Abandoned Pottery Road

Sunday Aug. 10, 2014

I parked in the Loblaws parking lot at Bayview and Moore Avenue.  Another beautiful, sunny day, around 22 degrees.  Perfect for a hike.  If you look carefully you notice a sign on the laneway between the Pharma Plus and the Loblaws.  It says “Pottery Road”.  It seems out of place as there is another Pottery Road that runs down the hill from Broadview Ave. to  Bayview Ave., right past Todmorden.

The interesting thing is that, until about 55 years ago these pieces of Pottery Road were connected.  The picture below, from 1947, shows Pottery Road (in red) wiggling up the middle of the picture and crossing the CPR tracks  near the centre.  The CPR tracks run almost straight up the middle of the photo.  This section of the road is now abandoned.



Pottery Road likely started off as part of an east-west Indian trail that  crossed the city along the present route of Davenport Road.  Today only about a third of the original Pottery Road remains.  The portion going south from Loblaws has been taken over as an access route to a new construction site.  I walked down it but it is a dead end now.  Along the way, parts of the old road can be seen sticking through the grass.   This is a dead end now and you will have to go back to Bayview Ave and walk to Nesbit Street.


There is a little trail just off of True Davidson Drive just before the bridge that leads down to the old rail line.  The old road crossed the now abandoned CPR tracks that lead to the Half-Mile Bridge and descended along the edge of the Cudmore creek.


I missed the connection to the roadway and so I tried to find it from the south end of True Davidson Drive.  I ended up in Rosedale Valley Ravine at the top of a 130 foot point of land.  I found this shelter someone had built into the side of the hill.  A place to sit in the sunshine, or retreat in the rain.


Inside they were using part of an old metal chute as a large scoop to dig their little hide-away.


There appeared to be no going down the side of the ravine (even the coyote only had two places he would go).  There was a rope tied to the trees just behind the fort and a series of steps were dug into the hillside.  I decided to go down the hill using the rope to steady my decent.  At the bottom I found my way across Cudmore Creek and onto Pottery Road.  It has deteriorated badly in the four years since I first walked through here.  With the erosion and new growth of trees it is hard to see that vehicles once roared up and down the hill here.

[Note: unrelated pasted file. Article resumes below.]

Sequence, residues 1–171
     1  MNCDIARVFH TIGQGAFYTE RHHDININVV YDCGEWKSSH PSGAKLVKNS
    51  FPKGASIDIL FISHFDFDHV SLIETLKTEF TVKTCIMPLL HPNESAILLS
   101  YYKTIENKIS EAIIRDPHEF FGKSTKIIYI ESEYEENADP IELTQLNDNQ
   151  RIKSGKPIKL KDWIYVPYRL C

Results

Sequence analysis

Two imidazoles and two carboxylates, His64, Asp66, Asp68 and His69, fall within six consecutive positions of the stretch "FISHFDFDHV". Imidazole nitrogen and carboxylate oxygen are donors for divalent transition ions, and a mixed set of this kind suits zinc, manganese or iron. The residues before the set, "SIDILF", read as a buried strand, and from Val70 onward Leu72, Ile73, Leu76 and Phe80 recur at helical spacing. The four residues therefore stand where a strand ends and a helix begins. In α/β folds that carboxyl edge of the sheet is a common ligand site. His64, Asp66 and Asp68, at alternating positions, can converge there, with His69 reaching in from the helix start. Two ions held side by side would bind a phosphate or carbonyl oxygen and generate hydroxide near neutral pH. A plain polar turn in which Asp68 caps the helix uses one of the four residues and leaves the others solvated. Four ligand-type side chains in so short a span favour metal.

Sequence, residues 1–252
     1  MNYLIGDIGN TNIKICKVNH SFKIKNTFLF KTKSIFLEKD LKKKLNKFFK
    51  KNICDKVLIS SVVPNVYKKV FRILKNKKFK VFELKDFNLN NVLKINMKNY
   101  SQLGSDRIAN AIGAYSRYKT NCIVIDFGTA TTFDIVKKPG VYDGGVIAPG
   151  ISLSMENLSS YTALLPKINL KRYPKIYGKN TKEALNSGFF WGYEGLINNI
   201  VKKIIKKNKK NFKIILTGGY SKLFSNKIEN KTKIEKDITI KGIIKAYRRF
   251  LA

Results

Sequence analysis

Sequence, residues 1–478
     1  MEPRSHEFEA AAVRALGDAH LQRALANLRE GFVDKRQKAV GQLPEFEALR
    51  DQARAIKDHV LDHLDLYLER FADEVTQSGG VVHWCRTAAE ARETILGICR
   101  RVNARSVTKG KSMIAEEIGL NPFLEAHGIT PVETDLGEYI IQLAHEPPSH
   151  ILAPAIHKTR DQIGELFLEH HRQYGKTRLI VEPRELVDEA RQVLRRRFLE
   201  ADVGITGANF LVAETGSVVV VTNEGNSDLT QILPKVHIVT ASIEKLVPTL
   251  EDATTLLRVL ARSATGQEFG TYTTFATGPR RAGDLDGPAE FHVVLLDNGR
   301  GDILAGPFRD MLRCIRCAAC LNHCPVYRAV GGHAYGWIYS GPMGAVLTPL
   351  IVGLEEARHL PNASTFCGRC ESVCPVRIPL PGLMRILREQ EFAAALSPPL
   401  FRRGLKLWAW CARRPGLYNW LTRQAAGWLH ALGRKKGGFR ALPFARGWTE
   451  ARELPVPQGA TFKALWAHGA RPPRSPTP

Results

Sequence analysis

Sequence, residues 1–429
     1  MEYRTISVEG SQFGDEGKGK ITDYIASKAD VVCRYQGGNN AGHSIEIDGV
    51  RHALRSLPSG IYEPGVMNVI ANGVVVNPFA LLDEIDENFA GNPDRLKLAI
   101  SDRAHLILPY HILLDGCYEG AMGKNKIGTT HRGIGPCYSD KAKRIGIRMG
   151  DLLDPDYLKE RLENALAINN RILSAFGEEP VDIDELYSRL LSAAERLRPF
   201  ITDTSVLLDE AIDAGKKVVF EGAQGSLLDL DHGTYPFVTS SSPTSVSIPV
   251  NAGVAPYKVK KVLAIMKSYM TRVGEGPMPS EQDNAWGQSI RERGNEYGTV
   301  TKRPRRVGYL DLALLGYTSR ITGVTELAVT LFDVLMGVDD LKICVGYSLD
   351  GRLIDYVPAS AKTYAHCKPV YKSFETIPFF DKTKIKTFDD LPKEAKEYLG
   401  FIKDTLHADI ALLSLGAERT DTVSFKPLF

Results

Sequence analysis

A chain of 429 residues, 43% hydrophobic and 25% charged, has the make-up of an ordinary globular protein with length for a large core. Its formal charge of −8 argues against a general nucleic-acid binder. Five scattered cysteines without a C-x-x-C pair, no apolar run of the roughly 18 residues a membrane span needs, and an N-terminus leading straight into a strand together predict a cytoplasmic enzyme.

In places the old road is washed out 3 feet deep.  Under the pavement is a mess of broken bricks.  The Don Valley Brick Works, owned by the Taylor brothers who were running Todmorden Mills in the 1890’s, is just south of here.  Any broken or defective brick had to be discarded and so they litter the Don river and every hillside in the area.  It appears that they also formed the base for Pottery Road.  I guess that when they paved over the bricks it was “Goodbye Red Brick Road”.


Closer to the Bayview  Extension the old steel posts for the guard rail stand like sentinels along the side of the old roadway.  Their wooden facing has dropped off and is rotting on the ground.


When the Bayview extension was built in 1959 Pottery Road was cut in two and the portion that climbed the hill along the Cudmore creek was cut off and abandoned.  Today as you drive up Bayview avenue it is hard to pick out the location of the former road.  Just at the end of the guardrail there is a chain with a red flag hanging on it.  This marks the old roadway.  It would have come straight across and connected with the bridge over the Don river.


The 1928 bridge lies behind the newer one in the foreground.


At the top of the hill the road currently curves to the south as it climbs the hill.  The road originally went straight up the hill and met Broadview Avenue where Charles Sauriol Parkette is today.  Broadview Avenue was built in 1798 by Timothy Skinner who ran the mills at Todmorden and was originally known as Mill Road until 1884.  The name was changed to reflect the “broad view” from the crest of the hill looking over the mills in the valley.  There is a Dairy Queen at the top of the hill which proved to be a distraction that kept me from getting to the parkette to take a last photo.

Google Maps link: Pottery Road

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9 thoughts on “Abandoned Pottery Road

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  5. willworkforearlicks

    Great info! I traced this walk today. I started from Broadview station though and found it easier to follow the original Pottery Road heading north after Bayview. Not sure where the original road crossed the tracks but what felt like a natural spot I followed it and ended up running on the west side of the tracks close to the back of some houses (Douglas Crescent) and eventually up to True Davidson Dr/Nesbitt Park. After heading through Bennington Heights Park to the end of Pottery I headed back down Bayview to Crowthers Woods Trail and got on the abandoned railway line, following it south to the Brickworks. Took about 2 hours total with my dogs. Great hike!

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  8. Brian Worrall

    This might not be the place to enter this comment but, nearby where Bayview goes under the Bloor viaduct, just barely to the north of the viaduct, there was a very conical hill that stood almost to the level of the viaduct and was apparently known as “Pop’s Hill” because a recluse known as “Pop” had lived on it. I remember the hill was there when I was a child. It was entirely removed in 1959 when Bayview was extended right through its former site.

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